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All About Gardenia

Gardenia plants have beautiful, fragrant white flowers that are a symbol of trust and clarity, making them a lovely addition to any garden or home. With a few simple tips in mind, caring for these unique flowers is a breeze, especially in the summertime!

Gardenia

Overview
Gardenia flowers carry a sweet and light aroma that can be recognized immediately by anyone who has ever smelled it before. Known for their glossy green leaves and white flowers, gardenias are popular blooms commonly found in the Southern region of the United States. However, these flowers are native to the tropical and subtropical regions of Asia and Africa.

There are over 142 species of gardenia plants that have been growing in places like China and Japan for thousands of years. They are also common in Polynesia, where people often use the flowers as necklaces due to their highly fragrant scent. Some Polynesian islands even use these flowers to indicate one’s relationship status — when the flower is worn on the right ear, the person is single, and the left ear means they are in a relationship!

The flower was named “gardenia” by John Ellis, who named it after the amateur botanist Alexander Garden in the 18th century. Shortly after the flower was introduced to the United States, gardenias began gaining more popularity, especially in the South.

Care
Gardenias are lovely summer flowers that are perfect for those who want a sweetly scented garden in their home. However, they are often considered a difficult plant to take care of and it’s recommended that gardeners start with small plants without buds to allow them to adjust to a new home. Doing so will ensure that the buds will eventually grow into beautiful flowers.

Sunlight 
Gardenia plants should be placed in full sun for a few hours during the day, but partial shade is appreciated, especially during the summer months. If your plant receives too much direct sunlight, the buds may fall off or the leaves will scorch.

Water
Keeping the soil constantly moist is key to a gardenia’s health. Water the plant thoroughly until water drips through the drainage holes at the bottom of the pot. During the winter months, reduce watering to every couple of weeks.

Temperature
Gardenias thrive in 70 F during the day and about 60 F at night. Since they are considered tropical plants, they perform best in warmer temperatures and can be fussy if conditions aren’t ideal.

Toxicity
Though gardenias are nontoxic to humans, they can be mildly toxic to animals. The flowers, leaves and stems contain geniposide and gardenoside, toxins that cause mild to severe gastrointestinal upset in dogs and cats.

Pests & Problems

Pests: Even when grown under the best conditions, gardenias are still susceptible to a variety of plant pests and insects. To name a few, these flowers attract scales, whiteflies, aphids and spider mites. In cases like this, prune out any infested foliage and spray your plant with water to wash off the pests. If that doesn’t work, you can always opt for chemical controls and insecticides to get the job done.

Problems: Like many other plants, gardenias are prone to root disease, which is usually caused by fungus. To prevent this from happening, be sure your soil is well-drained and provide good air circulation for your plant. Other diseases that are commonly found in gardenias include bud drop, stem canker and powdery mildew.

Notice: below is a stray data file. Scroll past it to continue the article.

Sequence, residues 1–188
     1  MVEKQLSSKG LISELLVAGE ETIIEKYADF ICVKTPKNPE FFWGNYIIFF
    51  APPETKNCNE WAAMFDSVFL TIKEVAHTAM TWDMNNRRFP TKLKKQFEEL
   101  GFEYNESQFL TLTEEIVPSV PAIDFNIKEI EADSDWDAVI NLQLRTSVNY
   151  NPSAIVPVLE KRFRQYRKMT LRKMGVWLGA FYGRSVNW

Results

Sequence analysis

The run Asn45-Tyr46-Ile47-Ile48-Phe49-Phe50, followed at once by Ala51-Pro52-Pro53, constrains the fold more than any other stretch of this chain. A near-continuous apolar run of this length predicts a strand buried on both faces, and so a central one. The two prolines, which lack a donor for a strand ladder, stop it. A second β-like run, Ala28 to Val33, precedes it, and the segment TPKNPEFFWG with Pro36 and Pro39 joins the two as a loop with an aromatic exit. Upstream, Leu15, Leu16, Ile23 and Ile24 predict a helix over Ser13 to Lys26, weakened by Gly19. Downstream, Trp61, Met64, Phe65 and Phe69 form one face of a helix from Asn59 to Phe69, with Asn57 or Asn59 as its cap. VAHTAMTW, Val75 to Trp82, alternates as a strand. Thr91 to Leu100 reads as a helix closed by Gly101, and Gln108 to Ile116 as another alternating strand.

Repotting & Propagation

Repotting: The easiest way to tell when your plant needs to be repotted is if the roots begin growing from the bottom of the container. To avoid damaging any buds or foliage, wait until late spring to early summer to switch pots. Choose a container that’s approximately 1-2 inches larger in diameter and make sure it has drainage holes to allow any excess water to seep through.

Propagation: The best time to propagate gardenias is in early spring with 3-4 inch stem cuttings. Remove the lower leaves and keep the cuttings moist by placing them in a perlite soil mixture. Place the plant in bright, indirect light and you’ll begin to see the plant root in about four to eight weeks.

FAQs

Since gardenias aren’t the easiest plant to take care of, you may be scratching your head wondering where to start. Below are some common questions about gardenia flower care and their life cycle to help you become a gardenia savant.

Do gardenias need sun or shade? 
Though gardenias like full sun, they can be sensitive to direct heat, especially in the summer months. On warmer days, provide partial shade to your gardenias — this will ensure the leaves don’t get scorched and the buds will bloom.

How do you keep gardenias blooming?
In order to maximize the number of buds you’re getting from your gardenia plant, you’ll want to make sure the soil is moist and well-drained. Water is essential for flower development, so be sure to water the plant anytime the soil starts to feel dry, every one to two weeks.

Do gardenias like coffee grounds?
Yes! Coffee grounds make for a great homemade gardenia fertilizer since they are rich in potassium, magnesium and nitrogen. Simply collect any leftover coffee grounds from your morning cup of joe and spread them around the base of the plant. The coffee works to lower the pH in the surrounding soil, which is great for the acid-loving gardenia!

Do gardenias do well in pots?
Gardenias are great options if you’re looking for a plant that does well in containers. Keeping your gardenias in a pot will make it easier when you need to move the plant around based on the amount of sun it’s getting, especially during the summertime. Once it’s wintertime, it can be brought indoors to avoid the cold weather.

Information courtesy of FTD.com

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